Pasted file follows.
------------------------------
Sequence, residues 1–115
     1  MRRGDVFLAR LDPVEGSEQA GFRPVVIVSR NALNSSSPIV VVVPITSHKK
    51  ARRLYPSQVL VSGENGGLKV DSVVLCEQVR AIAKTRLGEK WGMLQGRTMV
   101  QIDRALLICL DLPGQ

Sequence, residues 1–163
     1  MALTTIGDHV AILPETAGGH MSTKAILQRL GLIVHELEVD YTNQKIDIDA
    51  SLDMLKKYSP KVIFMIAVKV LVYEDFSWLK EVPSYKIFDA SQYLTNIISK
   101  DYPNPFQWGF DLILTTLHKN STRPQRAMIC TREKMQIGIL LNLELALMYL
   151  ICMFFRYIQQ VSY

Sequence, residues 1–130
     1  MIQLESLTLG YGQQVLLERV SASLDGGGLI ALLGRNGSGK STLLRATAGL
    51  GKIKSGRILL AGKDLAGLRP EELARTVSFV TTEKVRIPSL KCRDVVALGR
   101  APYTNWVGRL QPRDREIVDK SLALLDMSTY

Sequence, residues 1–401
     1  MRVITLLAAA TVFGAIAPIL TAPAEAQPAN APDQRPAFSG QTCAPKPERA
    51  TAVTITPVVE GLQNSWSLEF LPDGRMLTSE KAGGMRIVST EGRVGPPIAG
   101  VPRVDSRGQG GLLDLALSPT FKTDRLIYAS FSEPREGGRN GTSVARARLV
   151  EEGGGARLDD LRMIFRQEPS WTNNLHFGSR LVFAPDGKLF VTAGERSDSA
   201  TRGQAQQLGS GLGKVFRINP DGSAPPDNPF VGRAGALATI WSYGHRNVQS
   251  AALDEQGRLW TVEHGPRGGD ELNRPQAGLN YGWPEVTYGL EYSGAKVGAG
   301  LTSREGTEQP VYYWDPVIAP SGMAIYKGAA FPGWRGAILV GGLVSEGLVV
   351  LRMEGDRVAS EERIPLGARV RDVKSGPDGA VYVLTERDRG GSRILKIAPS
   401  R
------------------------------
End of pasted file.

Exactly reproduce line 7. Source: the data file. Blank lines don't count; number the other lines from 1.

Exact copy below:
    51  SLDMLKKYSP KVIFMIAVKV LVYEDFSWLK EVPSYKIFDA SQYLTNIISK